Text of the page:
Heat the frying pan used for the butter rice over medium high heat. Add a small amount of butter if the pan is too dry.
Add prawns and cook for a minute, then turn them over and cook further 1 minute.
Melt the butter in a saucepan over medium heat.
Add onion and mushrooms, sauté until the onion becomes transparent.
Reduce the heat to low, add flour and mix well for a couple of minutes.
Add about 1/3 of milk to the pan and mix well to incorporate until lump free (you may need to whisk it). Add the remaining milk, prawn broth, chicken stock cube, salt and pepper.
Increase the heat to medium. As the sauce heats up, it thickens. Stir regularly at first, then constantly as it thickens.
Once the Sauce is thick enough (note 5), transfer the prawns to the béchamel sauce. Mix and remove from the stove immediately.
Preheat broiler (note 6).
Pour the béchamel sauce over the butter rice in the baking dishes, covering the rice completely.
Sprinkle parmesan cheese over the sauce.
Place the baking dishes on the rack not too close to the heat (about 10cm / 4” away). Bake for a few minutes or until the sauce starts bubbling around the edges and the top becomes golden. Serve immediately. (note 6)
1. I used medium size prawns, 12 prawns in total. Smaller prawns are OK too.
If you only have large prawns, I’d recommend cutting them half or even smaller so that many prawn pieces are scattered in the béchamel sauce.
Instead of prawns, you can use chicken pieces, seafood mix or fish fillet pieces such as salmon.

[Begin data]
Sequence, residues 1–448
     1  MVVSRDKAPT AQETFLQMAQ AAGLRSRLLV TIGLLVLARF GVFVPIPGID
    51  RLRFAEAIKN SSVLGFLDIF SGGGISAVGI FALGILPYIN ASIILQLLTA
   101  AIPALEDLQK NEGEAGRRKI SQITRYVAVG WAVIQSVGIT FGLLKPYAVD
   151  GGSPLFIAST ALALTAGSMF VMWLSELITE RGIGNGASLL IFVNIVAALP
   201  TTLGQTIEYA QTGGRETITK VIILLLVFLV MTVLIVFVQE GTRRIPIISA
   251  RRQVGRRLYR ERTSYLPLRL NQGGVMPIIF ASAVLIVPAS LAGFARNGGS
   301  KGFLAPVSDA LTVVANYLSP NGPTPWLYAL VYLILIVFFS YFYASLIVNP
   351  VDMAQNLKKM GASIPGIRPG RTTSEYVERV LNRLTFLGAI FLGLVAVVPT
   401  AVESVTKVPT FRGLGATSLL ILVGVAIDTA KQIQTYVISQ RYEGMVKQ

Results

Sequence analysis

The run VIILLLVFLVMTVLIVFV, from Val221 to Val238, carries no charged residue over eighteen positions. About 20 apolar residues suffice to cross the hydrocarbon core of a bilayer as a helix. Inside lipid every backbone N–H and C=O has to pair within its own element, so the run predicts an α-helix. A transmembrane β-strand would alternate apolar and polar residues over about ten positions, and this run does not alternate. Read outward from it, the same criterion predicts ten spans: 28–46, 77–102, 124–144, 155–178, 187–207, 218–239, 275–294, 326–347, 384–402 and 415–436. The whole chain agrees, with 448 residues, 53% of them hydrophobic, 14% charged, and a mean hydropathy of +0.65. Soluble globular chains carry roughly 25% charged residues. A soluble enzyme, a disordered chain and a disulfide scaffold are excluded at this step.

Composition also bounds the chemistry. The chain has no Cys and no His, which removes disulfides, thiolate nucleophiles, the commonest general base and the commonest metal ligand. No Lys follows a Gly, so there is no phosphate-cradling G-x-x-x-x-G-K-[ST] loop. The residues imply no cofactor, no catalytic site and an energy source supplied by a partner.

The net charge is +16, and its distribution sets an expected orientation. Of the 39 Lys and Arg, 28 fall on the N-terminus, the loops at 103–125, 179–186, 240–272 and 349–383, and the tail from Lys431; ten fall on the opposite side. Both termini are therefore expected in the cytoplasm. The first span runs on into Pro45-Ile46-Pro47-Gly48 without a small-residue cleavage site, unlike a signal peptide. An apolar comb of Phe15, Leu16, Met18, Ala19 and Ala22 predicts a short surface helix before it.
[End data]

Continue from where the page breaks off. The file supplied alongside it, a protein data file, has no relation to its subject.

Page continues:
You can also replace prawns with vegetables such as zucchini, capsicum, eggplant and varieties of mushrooms.
2. I used button mushrooms but you can use other mushrooms including Asian mushrooms.
3. I bought fresh prawns for today’s dish and boiled the heads and shells to make the broth. I removed blackish/brownish organ inside the heads so that the broth became clear.
You don’t have to have prawn broth but it gives the béchamel sauce a stronger prawn flavour.
Alternatively, replace 100ml prawn broth and ½ stock cube with 100ml / 3.4oz chicken broth.
4. Peas and corn kernels are also good alternatives.
5. Test: draw a path with finger on the back of the wooden spoon. if it stays, it's thick enough.
6. If you don’t have a broiler, heat the oven to 230°C / 446°F and place the dishes on the highest rack. Bake for 6-8 minutes.
7. Nutrition per serving.
serving: 603g calories: 612kcal fat: 22g (34%) saturated fat: 13g (65%) trans fat: 0.7g polyunsaturated fat: 1.4g monounsaturated fat: 5.9g cholesterol: 162mg (54%) sodium: 1655mg (69%) potassium: 751mg (21%) carbohydrates: 73g (24%) dietary fibre: 2.5g (10%) sugar: 4.1g protein: 29g vitamin a: 71% vitamin c: 11% calcium: 31% iron: 18%